“You are loved” — this is the message that students will be chalking all over campus today as part of a national campaign to prevent suicide among lesbian, gay, bisexual and transgender students.
This is the first year that the campaign is taking place at Penn. The timing is uncanny, according to College freshman Noah Levine, an organizer of the campaign, as it follows a string of five suicides among LGBT youth that took place in the last three weeks.
“It’s very, very shocking,” he said, referring to the death of Tyler Clementi, a Rutgers University freshman who committed suicide on Sept. 22 after his roommate secretly filmed his sexual encounter and streamed it live on the internet.
“It happened right nearby to someone our age, going through much of the same things — going to a new school, coming to terms with being himself in a new environment,” Levine said.
Three of the five recent suicides involved individuals of high-school age and younger, according to the Consortium of Higher Education. One included a students at Johnson and Wales University in Providence, R.I..
Suicide rates among LGBT individuals have always been high. According to The New York Times, teenagers that identify as LGBT are four times more likely to consider suicide than their straight counterparts.
Denise Lensky, a psychologist and deputy director at Counseling and Psychological Services, attributed this to the fact that LGBT individuals may feel “marginalized and alienated.”
They may be reluctant to seek help as “the mental-health world in general has a checkered path dealing with LGBT issues,” she said. “In the not-too-distant past, being gay was considered a psychiatric disorder but that is not how anyone looks at it today.”
According to Lensky, CAPS collaborates with the LGBT Center to offer individual and group therapy catered to students.
Qspace, the LGBT Center’s anonymous online chat room, also offers a forum for students to share their concerns, according to LGBT Center Director Bob Schoenberg.
“Even when Penn is nationally recognized as an accepting and supportive environment for LGBT students, it is vital for us not to become self-satisfied and rest on our laurels,” Schoenberg wrote in an e-mail. “We need to be proactive in educating everyone to avoid tragedies such as what happened at Rutgers and several other sites in the last several weeks.”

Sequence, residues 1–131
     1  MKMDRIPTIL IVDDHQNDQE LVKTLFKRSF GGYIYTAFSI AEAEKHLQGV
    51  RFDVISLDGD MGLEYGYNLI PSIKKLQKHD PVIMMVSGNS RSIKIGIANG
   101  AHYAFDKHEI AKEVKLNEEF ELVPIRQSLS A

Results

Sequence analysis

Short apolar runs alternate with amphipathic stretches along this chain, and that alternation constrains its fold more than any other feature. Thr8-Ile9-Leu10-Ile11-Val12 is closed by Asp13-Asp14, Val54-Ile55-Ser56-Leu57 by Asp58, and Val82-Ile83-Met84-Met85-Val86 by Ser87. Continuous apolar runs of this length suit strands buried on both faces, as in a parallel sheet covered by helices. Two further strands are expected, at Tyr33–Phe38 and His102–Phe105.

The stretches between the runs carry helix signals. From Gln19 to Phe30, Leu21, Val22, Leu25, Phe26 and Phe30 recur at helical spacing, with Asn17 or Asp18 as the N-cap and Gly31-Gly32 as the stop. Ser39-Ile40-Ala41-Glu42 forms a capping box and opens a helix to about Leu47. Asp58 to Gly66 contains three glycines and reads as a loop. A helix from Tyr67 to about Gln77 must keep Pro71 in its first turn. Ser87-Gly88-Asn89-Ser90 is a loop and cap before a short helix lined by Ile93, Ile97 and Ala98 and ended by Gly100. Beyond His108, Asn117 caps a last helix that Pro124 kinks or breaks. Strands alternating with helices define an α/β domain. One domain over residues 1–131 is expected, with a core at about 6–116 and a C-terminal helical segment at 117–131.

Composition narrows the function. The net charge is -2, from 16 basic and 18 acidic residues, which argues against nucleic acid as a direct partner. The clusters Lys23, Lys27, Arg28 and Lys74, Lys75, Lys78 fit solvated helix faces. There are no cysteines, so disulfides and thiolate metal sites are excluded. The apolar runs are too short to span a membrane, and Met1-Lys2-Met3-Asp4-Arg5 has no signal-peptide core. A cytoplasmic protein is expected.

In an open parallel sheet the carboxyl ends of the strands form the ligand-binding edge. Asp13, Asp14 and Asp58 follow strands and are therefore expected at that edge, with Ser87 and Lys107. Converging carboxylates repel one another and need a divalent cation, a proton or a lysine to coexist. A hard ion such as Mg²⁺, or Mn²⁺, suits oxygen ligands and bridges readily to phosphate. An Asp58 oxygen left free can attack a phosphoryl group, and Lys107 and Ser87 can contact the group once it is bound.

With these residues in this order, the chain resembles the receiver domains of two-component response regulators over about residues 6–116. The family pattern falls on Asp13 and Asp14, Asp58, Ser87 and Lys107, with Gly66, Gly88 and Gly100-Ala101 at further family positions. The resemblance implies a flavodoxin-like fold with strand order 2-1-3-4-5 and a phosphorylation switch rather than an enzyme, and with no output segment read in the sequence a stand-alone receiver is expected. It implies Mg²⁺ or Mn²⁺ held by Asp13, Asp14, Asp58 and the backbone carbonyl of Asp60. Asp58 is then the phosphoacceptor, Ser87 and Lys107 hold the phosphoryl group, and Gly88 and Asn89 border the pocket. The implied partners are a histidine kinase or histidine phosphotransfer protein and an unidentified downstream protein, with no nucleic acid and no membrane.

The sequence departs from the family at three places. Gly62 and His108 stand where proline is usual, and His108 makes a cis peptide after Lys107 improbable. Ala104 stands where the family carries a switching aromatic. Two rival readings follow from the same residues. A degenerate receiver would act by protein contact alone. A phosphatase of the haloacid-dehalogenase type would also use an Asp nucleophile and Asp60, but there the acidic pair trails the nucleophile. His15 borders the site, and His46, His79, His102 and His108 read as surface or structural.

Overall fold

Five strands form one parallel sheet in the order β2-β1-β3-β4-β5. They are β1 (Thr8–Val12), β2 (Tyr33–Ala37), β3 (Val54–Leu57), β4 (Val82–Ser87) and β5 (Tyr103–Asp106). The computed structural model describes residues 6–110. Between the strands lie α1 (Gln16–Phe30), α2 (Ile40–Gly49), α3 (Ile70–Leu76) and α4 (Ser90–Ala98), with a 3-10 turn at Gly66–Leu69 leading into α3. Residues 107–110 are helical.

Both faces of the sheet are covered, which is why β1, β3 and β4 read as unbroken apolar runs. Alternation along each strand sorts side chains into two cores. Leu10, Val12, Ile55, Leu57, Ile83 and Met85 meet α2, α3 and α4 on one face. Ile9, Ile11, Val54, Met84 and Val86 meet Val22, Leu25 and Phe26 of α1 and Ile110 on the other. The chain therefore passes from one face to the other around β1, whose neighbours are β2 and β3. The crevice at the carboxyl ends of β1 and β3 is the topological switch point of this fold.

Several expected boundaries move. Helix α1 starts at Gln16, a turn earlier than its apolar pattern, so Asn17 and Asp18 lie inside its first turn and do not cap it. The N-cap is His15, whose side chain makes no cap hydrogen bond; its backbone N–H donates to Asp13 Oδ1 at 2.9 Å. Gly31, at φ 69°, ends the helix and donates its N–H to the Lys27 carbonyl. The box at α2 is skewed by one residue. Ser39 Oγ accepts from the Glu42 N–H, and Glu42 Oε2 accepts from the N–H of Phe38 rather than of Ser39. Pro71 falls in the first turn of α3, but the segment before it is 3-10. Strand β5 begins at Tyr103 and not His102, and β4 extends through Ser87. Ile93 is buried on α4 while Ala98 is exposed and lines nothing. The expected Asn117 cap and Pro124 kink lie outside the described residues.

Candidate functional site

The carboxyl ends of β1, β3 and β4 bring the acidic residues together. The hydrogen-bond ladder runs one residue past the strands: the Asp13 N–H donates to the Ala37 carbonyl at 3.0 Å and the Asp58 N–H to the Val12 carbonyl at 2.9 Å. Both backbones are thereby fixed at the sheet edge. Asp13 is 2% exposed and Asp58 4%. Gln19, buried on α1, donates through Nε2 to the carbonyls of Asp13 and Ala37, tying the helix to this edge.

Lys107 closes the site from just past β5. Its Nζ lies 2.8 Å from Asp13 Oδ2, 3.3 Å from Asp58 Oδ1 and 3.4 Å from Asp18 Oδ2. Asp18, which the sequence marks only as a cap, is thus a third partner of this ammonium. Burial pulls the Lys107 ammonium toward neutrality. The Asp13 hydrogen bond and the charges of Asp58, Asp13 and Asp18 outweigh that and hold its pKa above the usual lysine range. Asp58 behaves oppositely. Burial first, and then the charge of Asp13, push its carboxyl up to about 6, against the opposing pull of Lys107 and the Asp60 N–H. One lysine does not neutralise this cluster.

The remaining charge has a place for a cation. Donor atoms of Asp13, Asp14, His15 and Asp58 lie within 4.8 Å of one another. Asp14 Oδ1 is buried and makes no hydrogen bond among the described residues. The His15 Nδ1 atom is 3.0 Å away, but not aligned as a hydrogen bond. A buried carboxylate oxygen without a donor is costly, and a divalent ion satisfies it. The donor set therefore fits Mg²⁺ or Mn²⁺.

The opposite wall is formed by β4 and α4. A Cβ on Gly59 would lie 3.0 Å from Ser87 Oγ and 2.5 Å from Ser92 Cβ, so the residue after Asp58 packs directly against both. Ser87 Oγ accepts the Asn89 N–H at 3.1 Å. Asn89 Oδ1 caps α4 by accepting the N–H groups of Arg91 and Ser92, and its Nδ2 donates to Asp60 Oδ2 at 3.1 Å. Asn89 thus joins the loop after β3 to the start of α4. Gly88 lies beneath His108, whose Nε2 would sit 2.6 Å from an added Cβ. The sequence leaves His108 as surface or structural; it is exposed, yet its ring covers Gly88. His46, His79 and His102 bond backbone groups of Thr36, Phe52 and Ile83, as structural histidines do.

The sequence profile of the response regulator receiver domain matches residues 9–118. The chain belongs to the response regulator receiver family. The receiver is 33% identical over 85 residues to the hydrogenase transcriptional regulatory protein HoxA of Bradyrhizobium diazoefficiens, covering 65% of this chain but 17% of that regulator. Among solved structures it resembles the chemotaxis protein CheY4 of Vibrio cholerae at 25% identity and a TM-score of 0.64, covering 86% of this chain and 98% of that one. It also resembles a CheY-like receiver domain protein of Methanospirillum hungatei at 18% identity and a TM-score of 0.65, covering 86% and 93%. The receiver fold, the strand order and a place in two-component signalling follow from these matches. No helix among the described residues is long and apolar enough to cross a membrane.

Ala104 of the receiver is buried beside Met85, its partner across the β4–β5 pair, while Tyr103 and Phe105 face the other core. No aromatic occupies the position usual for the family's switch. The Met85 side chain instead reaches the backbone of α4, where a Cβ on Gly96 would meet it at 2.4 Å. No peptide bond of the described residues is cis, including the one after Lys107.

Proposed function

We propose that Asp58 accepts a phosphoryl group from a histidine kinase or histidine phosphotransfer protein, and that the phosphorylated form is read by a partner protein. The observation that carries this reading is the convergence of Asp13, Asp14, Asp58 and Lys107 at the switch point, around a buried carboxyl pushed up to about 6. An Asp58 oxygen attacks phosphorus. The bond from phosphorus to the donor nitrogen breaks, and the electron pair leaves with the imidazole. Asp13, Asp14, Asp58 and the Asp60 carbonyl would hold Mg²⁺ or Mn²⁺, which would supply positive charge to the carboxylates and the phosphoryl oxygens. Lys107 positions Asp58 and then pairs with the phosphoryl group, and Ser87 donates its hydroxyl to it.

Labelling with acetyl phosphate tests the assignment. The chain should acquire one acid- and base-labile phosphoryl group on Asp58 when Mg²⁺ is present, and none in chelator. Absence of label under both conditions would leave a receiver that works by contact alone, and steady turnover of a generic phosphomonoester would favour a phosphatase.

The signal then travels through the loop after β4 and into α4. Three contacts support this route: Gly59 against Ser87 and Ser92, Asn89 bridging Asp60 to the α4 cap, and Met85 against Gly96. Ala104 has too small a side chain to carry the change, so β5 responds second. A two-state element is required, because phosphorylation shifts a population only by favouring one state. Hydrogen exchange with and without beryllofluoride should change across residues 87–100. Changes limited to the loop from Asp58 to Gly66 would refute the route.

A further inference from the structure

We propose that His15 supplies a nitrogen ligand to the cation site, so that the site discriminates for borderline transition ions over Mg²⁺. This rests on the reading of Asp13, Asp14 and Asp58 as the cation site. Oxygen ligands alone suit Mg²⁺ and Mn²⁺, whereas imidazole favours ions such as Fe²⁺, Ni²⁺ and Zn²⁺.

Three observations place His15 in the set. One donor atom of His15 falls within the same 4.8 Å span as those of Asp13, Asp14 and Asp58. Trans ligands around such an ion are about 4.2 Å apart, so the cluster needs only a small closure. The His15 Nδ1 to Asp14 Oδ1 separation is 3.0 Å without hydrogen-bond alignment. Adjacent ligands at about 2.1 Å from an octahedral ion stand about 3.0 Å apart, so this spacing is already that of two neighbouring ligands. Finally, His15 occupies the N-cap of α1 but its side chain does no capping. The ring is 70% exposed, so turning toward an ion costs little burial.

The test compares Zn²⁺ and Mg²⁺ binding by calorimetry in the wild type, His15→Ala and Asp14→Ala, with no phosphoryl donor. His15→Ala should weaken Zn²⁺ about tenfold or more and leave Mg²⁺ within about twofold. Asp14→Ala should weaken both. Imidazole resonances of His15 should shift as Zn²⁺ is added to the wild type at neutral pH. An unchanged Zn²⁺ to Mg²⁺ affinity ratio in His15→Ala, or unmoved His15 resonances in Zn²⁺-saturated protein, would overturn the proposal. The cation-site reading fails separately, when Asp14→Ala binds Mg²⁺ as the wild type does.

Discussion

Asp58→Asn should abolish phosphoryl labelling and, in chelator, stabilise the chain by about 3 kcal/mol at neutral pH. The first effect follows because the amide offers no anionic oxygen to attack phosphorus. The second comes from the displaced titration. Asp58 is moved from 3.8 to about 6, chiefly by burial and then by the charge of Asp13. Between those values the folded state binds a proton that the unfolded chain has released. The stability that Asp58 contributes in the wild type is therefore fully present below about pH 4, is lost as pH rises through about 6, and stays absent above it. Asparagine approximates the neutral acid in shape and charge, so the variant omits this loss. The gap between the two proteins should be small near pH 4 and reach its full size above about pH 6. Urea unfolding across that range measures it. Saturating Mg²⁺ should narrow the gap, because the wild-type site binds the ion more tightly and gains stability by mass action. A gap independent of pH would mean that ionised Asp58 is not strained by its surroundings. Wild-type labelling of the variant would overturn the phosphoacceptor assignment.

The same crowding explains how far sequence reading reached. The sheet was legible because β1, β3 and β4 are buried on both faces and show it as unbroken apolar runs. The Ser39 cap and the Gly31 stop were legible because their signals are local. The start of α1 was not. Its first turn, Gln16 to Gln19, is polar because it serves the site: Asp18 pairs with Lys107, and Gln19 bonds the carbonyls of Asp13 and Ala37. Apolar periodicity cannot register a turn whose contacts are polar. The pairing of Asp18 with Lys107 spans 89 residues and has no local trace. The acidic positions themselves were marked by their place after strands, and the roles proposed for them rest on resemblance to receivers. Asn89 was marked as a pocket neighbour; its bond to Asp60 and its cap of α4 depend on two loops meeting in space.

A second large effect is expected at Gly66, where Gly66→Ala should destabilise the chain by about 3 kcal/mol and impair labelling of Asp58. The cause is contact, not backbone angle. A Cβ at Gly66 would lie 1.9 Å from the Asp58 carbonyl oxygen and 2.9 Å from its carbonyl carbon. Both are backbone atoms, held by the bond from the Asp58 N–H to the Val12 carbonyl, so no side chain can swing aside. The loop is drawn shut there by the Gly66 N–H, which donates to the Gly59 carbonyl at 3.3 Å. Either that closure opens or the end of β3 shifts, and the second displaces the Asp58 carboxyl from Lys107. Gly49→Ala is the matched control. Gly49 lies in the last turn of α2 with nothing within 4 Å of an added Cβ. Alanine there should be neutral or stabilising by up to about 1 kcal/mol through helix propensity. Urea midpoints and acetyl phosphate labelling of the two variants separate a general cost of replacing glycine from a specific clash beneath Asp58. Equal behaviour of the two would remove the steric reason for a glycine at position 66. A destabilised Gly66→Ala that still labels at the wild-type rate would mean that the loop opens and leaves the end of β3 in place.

Penn was hit by a similar tragedy last fall when College sophomore Alex Ryles reportedly committed suicide. Ryles was gay, confirmed a junior and leader in the LGBT community who wished to remain anonymous.
“Within the community, there were people who were saying that he was dealing with issues surrounding his sexuality,” a College senior also involved in the LGBT community said.
College junior Stefano Di Tommaso, who helped to organized the “You Are Loved” Campaign, expressed hopes that it will help students remember the basic principle of “take care of yourself.”
“With Penn being such a gay-friendly community, people might forget that there are those among us that are really struggling with it,” he said.
Di Tommaso reiterated the importance of the campaign’s mantra: “Know the facts. Know where to get help. Reach out to someone.”
The "You Are Loved" chalking event — which invites students to write positive messages — will be taking place on Locust Walk and at the Button from 10 a.m. to 4:30 p.m. today.
“It’s definitely the little things that can brighten someone’s day,” Di Tommaso said.